One of Tony’s greatest accomplishments was revitalizing the University of California’s collection of more than 26,000 papyri from the ancient Egyptian town of Tebtunis. Excavated during a dig funded by Phoebe Apperson Hearst and led by Oxford papyrologists Bernard Grenfell and Arthur Hunt in 1899-1900, the collection remained in England until the 1930s. It sat on Bancroft’s shelves, unstudied, from then until the 1990s when Tony began to systematically promote it. He arranged for a young Dutch papyrologist, Arthur Verhoogt, to survey the collection; and it was at Tony’s urging that Bancroft created a curatorial position for the collection and co-sponsored, with the Department of Classics, a new Center for the Tebtunis Papyri in 2009.

When visitors walk toward the Center, they see a sculpture Tony commissioned of the Egyptian scribe Menches, whose family is documented in the collection, by artist and sculptor Amy McClure, the wife of Beat poet, playwright, and novelist Michael McClure—one more example of Tony’s networking skills.

Visitors can also marvel at two brilliant illuminated manuscripts that Tony was instrumental in adding to the Bancroft’s collection: the Heller Book of Hours (which Tony named for Edward Hellman Heller, the husband of its donor, Elinor Raas Heller); and an illuminated French book of hours that includes some finely-detailed sketches among the completed illuminated illustrations. The manuscript is a phenomenal teaching tool, since it shows the successive stages the illuminator completed in making the paintings for this miniature masterpiece. Tony also added a remarkable number of medieval text manuscripts, just as important—and far less expensive—than illuminated ones.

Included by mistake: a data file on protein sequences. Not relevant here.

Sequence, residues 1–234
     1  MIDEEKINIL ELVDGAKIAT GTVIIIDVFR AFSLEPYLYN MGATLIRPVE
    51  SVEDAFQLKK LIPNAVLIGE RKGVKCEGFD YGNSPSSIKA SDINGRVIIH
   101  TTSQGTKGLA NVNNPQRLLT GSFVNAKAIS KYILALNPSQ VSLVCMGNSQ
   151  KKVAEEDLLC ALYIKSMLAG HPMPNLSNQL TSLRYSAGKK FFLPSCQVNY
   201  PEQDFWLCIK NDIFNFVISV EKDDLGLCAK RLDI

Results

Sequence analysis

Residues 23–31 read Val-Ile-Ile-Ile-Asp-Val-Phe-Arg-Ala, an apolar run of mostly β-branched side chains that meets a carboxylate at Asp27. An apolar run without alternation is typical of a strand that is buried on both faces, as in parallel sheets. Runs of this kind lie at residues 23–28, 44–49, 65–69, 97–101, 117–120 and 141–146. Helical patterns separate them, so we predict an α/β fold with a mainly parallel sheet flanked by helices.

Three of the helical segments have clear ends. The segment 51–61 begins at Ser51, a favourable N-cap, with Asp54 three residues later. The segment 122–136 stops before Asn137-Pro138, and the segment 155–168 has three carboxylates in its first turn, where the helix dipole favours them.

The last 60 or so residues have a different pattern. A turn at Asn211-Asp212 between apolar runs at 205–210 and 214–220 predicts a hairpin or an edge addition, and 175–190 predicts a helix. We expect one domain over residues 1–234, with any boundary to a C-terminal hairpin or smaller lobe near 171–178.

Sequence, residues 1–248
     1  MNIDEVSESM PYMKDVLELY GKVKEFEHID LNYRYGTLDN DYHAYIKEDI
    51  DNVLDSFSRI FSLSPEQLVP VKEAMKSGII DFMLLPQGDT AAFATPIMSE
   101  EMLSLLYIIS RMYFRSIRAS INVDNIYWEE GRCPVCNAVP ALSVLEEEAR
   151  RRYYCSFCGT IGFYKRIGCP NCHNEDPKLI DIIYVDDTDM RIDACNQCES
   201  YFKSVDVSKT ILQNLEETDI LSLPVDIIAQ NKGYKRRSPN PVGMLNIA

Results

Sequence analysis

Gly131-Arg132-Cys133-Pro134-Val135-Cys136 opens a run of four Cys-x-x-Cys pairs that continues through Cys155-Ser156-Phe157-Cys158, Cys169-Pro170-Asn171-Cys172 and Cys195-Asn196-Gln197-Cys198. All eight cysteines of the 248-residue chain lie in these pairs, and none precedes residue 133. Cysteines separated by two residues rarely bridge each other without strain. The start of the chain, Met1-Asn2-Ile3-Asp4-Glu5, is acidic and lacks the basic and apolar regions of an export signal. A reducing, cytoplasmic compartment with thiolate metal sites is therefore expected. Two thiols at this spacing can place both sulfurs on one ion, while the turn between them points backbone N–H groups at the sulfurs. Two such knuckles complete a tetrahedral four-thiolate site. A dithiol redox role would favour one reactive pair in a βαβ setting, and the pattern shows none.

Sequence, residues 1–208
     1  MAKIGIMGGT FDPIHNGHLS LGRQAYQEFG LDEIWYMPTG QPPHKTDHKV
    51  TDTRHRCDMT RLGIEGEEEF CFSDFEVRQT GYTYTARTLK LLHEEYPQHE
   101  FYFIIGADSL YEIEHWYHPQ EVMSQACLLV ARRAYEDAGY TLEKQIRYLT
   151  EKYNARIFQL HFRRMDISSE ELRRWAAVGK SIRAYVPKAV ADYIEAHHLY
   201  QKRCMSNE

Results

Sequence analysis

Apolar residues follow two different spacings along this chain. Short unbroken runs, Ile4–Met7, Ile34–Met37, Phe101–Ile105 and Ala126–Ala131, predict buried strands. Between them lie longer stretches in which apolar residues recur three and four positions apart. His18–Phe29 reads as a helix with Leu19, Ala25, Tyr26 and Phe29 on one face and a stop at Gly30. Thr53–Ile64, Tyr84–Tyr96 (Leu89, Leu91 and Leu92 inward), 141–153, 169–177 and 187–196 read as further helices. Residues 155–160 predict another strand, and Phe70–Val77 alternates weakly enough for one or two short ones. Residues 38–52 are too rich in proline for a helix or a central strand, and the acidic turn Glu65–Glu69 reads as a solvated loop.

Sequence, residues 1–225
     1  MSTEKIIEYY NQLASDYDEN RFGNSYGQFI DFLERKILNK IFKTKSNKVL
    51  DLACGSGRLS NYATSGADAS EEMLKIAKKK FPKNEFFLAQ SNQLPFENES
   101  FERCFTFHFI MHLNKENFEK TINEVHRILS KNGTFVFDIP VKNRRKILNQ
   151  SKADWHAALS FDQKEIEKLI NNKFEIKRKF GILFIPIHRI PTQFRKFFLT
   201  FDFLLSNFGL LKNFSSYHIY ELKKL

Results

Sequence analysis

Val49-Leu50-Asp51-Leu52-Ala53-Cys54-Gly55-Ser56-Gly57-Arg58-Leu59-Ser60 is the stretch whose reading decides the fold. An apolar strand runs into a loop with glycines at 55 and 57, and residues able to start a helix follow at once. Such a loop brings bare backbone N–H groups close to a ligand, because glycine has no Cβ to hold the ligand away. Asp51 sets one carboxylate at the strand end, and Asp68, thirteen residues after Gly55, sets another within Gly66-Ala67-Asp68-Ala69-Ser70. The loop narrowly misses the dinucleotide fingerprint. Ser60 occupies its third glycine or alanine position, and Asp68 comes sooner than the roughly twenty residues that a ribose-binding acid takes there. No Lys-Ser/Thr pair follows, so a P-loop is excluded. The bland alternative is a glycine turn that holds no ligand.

Tony’s expansion of the collection into early modern European history—fifteenth- and sixteenth- century German and eighteenth-century French, including an emphasis on popular literature (e.g., the Bibliothèque Bleue). This was a major initiative, as were his efforts to document pro- and anti-feminist polemics, the growing importance of women authors from the sixteenth century to the present, and, increasingly, the role of women in modern fine printing and book production, focusing particularly on California’s feminist presses.